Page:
Lawmakers Sign Off On First Phase of Kyaukphyu Special Economic Zone

By Moe Myint 29 December 2015

RANGOON — Lawmakers approved initial development of the Kyaukphyu Special Economic Zone on Tuesday, with over 400 MPs voting in favour of the 4,289-acre project, the first phase of which the government hopes to begin next year.

Incumbent lawmaker Ba Shein of the Arakan National Party told The Irrawaddy on Tuesday that he, alongside several MPs from the National League for Democracy (NLD), voted against the proposal. Of 511 MPs that voted in Burma’s Union Parliament, 424 MPs gave their approval, with 23 voting against and other MPs abstaining.

Ba Shein, who is on a parliamentary committee monitoring the SEZ in Arakan State, expressed disappointment at the legislature’s decision to give the green light to the zone.

“Although I was involved in the SEZ monitoring committee, I know very little [about the project]. They always told me good things but when they [proceed], it’s quite different to what they said,” he told The Irrawaddy.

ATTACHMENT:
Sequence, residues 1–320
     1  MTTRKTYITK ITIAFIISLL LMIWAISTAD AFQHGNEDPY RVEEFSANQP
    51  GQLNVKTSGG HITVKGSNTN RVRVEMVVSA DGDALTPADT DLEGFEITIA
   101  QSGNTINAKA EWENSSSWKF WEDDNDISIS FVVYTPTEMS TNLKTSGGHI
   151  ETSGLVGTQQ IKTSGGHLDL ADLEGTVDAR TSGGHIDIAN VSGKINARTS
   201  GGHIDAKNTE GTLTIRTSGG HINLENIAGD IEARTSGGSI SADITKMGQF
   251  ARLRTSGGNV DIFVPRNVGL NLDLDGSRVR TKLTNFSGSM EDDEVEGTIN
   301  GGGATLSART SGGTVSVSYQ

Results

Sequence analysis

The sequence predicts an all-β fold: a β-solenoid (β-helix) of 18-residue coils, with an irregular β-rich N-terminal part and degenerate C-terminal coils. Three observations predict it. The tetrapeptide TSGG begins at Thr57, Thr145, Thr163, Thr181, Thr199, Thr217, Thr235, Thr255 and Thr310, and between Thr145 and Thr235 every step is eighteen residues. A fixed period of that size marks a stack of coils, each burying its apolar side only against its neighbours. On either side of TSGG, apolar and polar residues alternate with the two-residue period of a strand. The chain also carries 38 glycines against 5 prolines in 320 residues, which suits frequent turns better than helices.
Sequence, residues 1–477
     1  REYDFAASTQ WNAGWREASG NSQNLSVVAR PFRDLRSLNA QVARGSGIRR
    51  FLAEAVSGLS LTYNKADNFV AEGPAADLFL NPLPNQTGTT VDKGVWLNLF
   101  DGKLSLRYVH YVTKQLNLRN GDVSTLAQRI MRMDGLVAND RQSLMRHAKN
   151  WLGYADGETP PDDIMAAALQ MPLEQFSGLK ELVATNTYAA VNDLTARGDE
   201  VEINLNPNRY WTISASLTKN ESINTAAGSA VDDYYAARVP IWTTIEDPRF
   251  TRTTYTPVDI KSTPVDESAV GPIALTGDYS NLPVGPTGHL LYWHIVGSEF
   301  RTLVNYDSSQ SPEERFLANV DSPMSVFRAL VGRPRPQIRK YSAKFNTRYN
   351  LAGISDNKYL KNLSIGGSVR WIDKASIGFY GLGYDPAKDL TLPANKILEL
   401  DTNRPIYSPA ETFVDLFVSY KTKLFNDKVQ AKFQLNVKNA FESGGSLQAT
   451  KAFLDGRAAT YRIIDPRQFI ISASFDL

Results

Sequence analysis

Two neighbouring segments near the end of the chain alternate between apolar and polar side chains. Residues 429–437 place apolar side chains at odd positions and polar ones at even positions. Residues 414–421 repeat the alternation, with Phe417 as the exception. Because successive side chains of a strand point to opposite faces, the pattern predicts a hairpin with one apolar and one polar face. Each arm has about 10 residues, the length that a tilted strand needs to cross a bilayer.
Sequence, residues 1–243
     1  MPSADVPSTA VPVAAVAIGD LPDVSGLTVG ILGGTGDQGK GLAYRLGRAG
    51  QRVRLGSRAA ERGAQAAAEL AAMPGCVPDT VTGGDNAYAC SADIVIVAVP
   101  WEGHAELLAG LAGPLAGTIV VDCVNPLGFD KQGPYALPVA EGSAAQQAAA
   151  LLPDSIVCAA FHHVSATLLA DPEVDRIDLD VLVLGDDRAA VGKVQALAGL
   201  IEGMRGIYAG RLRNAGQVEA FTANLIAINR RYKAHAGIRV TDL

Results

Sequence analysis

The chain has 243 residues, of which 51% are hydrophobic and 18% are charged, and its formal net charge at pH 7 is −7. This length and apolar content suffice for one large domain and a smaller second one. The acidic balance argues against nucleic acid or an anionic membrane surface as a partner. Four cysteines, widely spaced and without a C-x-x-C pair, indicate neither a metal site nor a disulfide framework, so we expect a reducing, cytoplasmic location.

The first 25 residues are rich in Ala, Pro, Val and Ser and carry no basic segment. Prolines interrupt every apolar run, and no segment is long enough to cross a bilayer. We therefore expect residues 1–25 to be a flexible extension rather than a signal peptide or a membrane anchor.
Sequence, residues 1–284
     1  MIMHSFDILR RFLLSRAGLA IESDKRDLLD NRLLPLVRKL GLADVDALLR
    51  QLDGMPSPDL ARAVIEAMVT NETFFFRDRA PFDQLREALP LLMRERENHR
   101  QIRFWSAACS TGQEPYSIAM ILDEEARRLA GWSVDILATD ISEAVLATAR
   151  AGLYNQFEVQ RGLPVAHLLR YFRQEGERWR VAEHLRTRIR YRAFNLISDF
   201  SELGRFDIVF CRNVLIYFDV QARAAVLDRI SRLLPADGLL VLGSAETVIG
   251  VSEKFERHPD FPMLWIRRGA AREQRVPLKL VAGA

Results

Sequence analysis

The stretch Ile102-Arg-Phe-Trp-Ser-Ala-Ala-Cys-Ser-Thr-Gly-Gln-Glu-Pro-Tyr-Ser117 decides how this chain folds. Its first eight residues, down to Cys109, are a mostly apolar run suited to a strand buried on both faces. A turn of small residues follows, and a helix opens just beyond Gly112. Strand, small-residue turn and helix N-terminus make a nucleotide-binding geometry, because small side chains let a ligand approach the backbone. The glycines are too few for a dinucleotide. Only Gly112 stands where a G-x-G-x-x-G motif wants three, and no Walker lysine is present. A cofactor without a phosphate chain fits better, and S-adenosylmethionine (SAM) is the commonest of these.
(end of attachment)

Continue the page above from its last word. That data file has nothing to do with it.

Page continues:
Ba Shein said that the result of a long-delayed tender for the project was likely to be announced on Wednesday.

After bidding for the project, slated to include an industrial zone, a housing estate and two deep sea ports on Ramree and Maday islands in western Arakan State, closed in November 2014, the announcement of successful proposals was originally expected the following January.

Last week, Burma’s president Thein Sein weighed in, calling for the tender results to be swiftly announced “so that the next government can continue to implement the project.”

Around 85 percent of investment into the Kyaukphyu SEZ is slated to come from Chinese companies.

Ba Shein expressed concern over local grievances, citing cases of inadequate compensation for confiscated land and unresolved issues over the deep-sea port and constructed oil and gas dual pipelines.

Over 650 villagers, who will be affected once the project begins, gathered in Kyaukphyu on Sunday to urge the government to halt the project until it had provided employment opportunities and regional development programs.